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Sen. Torlakson talks education with locals

Santa Cruz Sentinel

As possible education cuts loom in the wake of a $10 billion state budget shortfall, a contender for California's top education post visited with Santa Cruz County educators Thursday, pledging to seek new schools funding through tax increases.

If elected as the next superintendent of public instruction, State Sen. Tom Torlakson, D-Antioch, who chairs the Appropriations Committee and Select Committee for Schools and Community, said he would try to "convince the public at-large that good things are happening" and schools are worth the upped investment of tax dollars.

"The budget is upside down by $10 billion and I am worried about what that means for schools and Prop. 98," Torlakson said.

Proposition 98 is a minimum funding formula for K-12 schools passed by California voters in 1988 -- an amendment to the state Constitution that some fear may have to be suspended due to the budget crisis. Reports published Wednesday said the governor may ask for $5 billion in education funding.

Because the senator is a former history teacher, Santa Cruz City Schools Superintendent Alan Pagano said he trusted Torlakson's assessments about how to seek more funding, more equitably distribute it and re-evaluate the way districts are held accountable.

"Because he was a teacher himself, he has a very good and accurate understanding of those issues," Pagano said.

After Torlakson visited Bay View Elementary School in Santa Cruz on Thursday, administrators and board members from several area districts quizzed the two-term senator about the standards-driven No Child Left Behind Act that critics say sets federal funding based on test outcomes instead of other improvement measures.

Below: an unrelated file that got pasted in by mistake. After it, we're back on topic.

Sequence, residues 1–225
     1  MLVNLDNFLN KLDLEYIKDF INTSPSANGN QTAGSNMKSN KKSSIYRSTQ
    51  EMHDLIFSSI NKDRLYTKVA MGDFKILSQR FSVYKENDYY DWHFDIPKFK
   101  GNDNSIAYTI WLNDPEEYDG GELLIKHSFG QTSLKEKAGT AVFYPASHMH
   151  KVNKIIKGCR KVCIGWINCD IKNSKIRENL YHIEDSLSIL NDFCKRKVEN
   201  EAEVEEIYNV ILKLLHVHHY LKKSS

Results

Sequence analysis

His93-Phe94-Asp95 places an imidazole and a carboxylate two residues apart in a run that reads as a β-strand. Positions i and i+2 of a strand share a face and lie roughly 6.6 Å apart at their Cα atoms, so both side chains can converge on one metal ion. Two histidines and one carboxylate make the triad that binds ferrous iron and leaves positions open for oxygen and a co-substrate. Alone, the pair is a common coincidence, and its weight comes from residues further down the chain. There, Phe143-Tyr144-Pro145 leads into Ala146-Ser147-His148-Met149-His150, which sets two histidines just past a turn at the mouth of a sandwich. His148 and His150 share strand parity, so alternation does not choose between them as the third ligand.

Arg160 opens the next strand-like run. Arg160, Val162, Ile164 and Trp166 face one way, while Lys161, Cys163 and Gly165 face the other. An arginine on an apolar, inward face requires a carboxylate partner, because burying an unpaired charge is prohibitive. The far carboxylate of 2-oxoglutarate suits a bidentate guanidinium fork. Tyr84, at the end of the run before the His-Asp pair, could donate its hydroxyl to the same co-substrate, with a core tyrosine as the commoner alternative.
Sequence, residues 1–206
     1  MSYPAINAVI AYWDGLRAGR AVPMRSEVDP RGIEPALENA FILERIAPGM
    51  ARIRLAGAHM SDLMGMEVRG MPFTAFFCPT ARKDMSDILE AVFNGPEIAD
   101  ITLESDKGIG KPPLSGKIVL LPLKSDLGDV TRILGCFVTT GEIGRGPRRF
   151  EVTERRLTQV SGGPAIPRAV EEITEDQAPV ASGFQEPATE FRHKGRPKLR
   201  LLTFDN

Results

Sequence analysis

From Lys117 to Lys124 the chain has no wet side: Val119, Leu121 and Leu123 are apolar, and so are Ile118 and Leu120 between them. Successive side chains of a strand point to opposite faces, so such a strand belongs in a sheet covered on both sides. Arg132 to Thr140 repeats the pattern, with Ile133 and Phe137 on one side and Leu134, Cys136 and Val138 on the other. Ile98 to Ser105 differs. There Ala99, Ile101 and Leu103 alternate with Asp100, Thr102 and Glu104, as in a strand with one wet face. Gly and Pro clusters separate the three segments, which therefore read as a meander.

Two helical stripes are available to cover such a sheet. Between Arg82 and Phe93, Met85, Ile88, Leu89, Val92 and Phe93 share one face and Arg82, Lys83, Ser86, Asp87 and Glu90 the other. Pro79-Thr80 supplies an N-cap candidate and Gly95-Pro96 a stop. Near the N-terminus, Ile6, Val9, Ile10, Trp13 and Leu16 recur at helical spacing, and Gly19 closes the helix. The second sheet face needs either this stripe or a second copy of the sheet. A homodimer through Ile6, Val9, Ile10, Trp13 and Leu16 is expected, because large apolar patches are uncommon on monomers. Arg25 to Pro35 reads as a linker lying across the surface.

"It's overall punitive nature, I don't like at all," Torlakson said. He said he believed "continuous improvement" on a student-by-student basis -- not just an "absolute standard" -- was also a valid gauge of measuring a school's success.

Last year, Gov. Schwarzenegger signed into law two Torlakson measures to direct nearly $3 billion to low-performing schools and to improve after-school programs. Educators also asked him about the concept of universal preschool and vouchers for charter schools.

He said he "strongly supported" federally funded preschool for all students as a mechanism to close achievement gaps that appear later due to stratified family incomes, language barriers and learning abilities. "Raising taxes or restoring taxes taken away" in past years would be one way to fund universal preschool and other initiatives, he said.

Torlakson said he was absolutely against vouchers for charter or private schools that yank money from public schools so that more affluent parents can combine the funds with their own wealth to create a better education for their student.

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